Spalted Maple

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Forum topic by coachmancuso posted 02-11-2013 08:48 AM 1125 views 0 times favorited 10 replies Add to Favorites Watch
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259 posts in 1897 days

02-11-2013 08:48 AM

I am new and have never worked with spalted maple. I am going to make a band saw box with it what should I know about the wood before I start?

-- Coach Mancuso

10 replies so far

View Monte Pittman's profile

Monte Pittman

28933 posts in 2304 days

#1 posted 02-11-2013 10:33 AM

Can be pretty awesome looking. Other than that it’s just maple. Be sure to post it.

Welcome to LJ’s

-- Mother Nature created it, I just assemble it.

View Marcus's profile


1163 posts in 1985 days

#2 posted 02-11-2013 11:18 AM

I second what monte says. It’s a beautiful wood, we look forward to seeing what you come up with.

View lew's profile


12018 posts in 3721 days

#3 posted 02-12-2013 01:32 AM

Don’t know if it is true or urban legend but they say the spalting is produced from mold/fungus and some folks have allergic reactions. I don’t take any chances and wear a respirator when turning and sanding it.

-- Lew- Time traveler. Purveyor of the Universe's finest custom rolling pins.

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259 posts in 1897 days

#4 posted 02-12-2013 03:16 AM

Lew that is what i heard too. Does anyone know if this is true?

-- Coach Mancuso

View ShaneA's profile


6909 posts in 2564 days

#5 posted 02-12-2013 03:18 AM

It would be best to have at least a dust mask, it is a fungus. Better safe than sorry on this one.

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2099 posts in 2154 days

#6 posted 02-12-2013 03:25 AM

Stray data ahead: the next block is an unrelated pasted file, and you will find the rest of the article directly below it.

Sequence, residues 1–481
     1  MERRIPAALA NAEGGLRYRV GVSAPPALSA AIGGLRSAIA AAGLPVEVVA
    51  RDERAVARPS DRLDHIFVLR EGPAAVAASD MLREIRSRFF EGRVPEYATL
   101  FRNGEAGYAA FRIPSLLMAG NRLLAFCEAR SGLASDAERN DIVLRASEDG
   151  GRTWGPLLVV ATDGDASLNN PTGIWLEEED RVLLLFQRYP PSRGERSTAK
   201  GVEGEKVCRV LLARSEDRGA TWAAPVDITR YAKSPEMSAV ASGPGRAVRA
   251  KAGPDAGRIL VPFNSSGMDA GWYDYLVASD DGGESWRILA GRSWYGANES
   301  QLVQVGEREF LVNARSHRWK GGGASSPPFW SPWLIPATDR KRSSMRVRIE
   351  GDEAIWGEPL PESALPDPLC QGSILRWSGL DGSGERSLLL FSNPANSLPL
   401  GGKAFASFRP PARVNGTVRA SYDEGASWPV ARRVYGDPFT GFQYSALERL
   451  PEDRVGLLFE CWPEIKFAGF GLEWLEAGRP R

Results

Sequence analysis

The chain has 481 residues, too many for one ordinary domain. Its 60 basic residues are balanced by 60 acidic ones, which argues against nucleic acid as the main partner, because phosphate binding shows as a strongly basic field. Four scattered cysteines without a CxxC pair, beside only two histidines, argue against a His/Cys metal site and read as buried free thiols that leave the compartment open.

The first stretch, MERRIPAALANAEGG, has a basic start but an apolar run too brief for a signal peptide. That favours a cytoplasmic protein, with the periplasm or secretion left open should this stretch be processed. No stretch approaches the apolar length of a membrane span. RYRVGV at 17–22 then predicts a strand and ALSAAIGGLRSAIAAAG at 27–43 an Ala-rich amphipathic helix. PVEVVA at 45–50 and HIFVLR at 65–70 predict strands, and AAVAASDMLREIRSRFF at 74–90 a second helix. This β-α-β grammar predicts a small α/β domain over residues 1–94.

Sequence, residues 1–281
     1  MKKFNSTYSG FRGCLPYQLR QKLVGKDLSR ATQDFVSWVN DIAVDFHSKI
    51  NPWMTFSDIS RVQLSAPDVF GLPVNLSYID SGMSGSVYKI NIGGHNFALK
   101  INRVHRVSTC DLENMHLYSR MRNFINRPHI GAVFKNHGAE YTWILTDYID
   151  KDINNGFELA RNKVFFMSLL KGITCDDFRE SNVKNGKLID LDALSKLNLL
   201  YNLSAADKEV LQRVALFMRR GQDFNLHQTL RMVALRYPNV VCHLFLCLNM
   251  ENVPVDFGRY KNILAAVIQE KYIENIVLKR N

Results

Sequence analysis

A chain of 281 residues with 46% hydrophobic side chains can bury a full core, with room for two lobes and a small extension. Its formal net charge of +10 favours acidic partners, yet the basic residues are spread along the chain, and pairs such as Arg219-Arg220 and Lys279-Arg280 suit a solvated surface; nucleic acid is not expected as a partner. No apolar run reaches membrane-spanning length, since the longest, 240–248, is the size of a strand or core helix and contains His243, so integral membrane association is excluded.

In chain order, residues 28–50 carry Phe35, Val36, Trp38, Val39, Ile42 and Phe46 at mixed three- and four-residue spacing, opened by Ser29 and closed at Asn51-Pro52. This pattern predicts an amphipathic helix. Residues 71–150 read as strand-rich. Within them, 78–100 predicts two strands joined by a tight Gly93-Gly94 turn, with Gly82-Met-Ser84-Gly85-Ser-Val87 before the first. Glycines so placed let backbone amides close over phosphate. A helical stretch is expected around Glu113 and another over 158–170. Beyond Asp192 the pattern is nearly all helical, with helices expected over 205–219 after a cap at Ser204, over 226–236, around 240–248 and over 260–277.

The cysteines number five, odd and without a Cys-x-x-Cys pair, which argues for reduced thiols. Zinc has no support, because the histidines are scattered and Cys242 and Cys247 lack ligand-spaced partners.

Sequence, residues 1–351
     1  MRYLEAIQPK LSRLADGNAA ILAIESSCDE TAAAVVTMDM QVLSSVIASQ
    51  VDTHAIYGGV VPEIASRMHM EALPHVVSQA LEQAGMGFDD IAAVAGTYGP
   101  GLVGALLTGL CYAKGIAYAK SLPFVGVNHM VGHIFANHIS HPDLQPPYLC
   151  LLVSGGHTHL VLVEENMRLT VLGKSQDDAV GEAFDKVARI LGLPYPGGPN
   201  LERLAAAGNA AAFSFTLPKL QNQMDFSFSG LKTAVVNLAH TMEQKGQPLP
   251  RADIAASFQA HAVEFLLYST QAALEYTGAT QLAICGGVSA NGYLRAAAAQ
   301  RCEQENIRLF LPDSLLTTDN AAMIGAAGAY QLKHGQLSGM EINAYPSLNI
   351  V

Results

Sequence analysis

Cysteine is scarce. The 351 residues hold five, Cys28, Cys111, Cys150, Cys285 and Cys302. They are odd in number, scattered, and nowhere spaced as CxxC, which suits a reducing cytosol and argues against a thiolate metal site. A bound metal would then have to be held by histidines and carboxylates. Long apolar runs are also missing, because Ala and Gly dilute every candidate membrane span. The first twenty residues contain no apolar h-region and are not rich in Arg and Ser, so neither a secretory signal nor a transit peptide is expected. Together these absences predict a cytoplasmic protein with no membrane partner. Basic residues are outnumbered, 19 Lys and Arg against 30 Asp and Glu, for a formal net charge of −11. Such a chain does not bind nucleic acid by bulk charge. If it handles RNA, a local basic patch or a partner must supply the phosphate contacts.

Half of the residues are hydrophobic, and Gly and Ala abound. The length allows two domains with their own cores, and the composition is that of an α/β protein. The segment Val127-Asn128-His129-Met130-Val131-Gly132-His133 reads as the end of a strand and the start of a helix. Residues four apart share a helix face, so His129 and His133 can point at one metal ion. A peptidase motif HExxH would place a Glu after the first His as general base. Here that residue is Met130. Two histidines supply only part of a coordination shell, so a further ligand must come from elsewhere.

I have turned a lot of spalted maple and haven’t noticed any particular health issues. When dried, the fungus is dead as a door nail, but I guess the residue could be an issue. The big thing with spalted woods is that they can vary wildly in hardness throughout the piece, especially if the spalting is well advanced. Sometimes beautiful pieces are unusable because the wood is so soft and crumbly. I use a respirator when sawing/sanding; a good idea whether the wood is spalted or not.

-- Dwight - "Free legal advice available - contact Dewey, Cheetam & Howe""

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18247 posts in 3641 days

#7 posted 02-12-2013 03:36 AM

Just like hantavirus and allergies; depends on you and your susceptibility.

-- Bob in WW ~ "some old things are lovely, warm still with life ... of the forgotten men who made them." - D.H. Lawrence

View Picken5's profile


250 posts in 2657 days

#8 posted 02-12-2013 04:28 AM

I agree with the others—spalted maple can result in some beautiful projects. I’ve heard the same about personal allergies to this. It’s never been an issue for me, but it wouldn’t hurt to be cautious.

-- Howard - "Time spent making sawdust is not deducted from one's lifetime." - old Scottish proverb

View mbs's profile


1652 posts in 2906 days

#9 posted 02-12-2013 05:28 AM

Another thing you should know is spalting is in some stage of decay. You may hit a very soft, punky section that isn’t stable at all. I spent 4 hours this weekend cutting out some spalted walnut from a chair seat because it wasn’t hard enough and kept getting damaged. You can help firm the soft areas up with minwax wood hardener. I think turners use super glue but I’m not sure.

Years ago I made a head board and foot board of a bed out of spalted maple. I made the panels first because I wasnt sure what their finished dimension would be since the wood has a tendency to fall a part. Overall, I lost a couple of inches of material and had to make up for it by making bigger rails and stiles. I think I have some pics in my projects.

There are articles on making your own spalted wood. Basically need to bury wood under leaves and mulch in a dark moist environment and let them sit for a while.

Good luck.

-- Sorry the reply is so long. I didn't have time to write a short reply.

View coachmancuso's profile


259 posts in 1897 days

#10 posted 02-12-2013 12:10 PM

Thanks everyone for your help I will give it a try this weekend. I will let everyone know what happens and how the band saw box turns out

-- Coach Mancuso

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